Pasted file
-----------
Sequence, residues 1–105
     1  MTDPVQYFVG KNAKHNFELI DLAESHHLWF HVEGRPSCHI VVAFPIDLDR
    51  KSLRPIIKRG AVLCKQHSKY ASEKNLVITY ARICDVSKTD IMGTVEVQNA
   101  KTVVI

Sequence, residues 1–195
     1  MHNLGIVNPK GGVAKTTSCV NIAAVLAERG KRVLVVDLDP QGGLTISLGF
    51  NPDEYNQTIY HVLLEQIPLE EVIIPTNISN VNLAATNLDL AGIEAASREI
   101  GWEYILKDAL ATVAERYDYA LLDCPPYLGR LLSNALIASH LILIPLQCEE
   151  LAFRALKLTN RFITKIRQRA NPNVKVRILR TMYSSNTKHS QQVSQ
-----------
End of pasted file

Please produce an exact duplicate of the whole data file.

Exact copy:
Sequence, residues 1–105
     1  MTDPVQYFVG KNAKHNFELI DLAESHHLWF HVEGRPSCHI VVAFPIDLDR
    51  KSLRPIIKRG AVLCKQHSKY ASEKNLVITY ARICDVSKTD IMGTVEVQNA
   101  KTVVI

Sequence, residues 1–195
     1  MHNLGIVNPK GGVAKTTSCV NIAAVLAERG KRVLVVDLDP QGGLTISLGF
    51  NPDEYNQTIY HVLLEQIPLE EVIIPTNISN VNLAATNLDL AGIEAASREI
   101  GWEYILKDAL ATVAERYDYA LLDCPPYLGR LLSNALIASH LILIPLQCEE
   151  LAFRALKLTN RFITKIRQRA NPNVKVRILR TMYSSNTKHS QQVSQ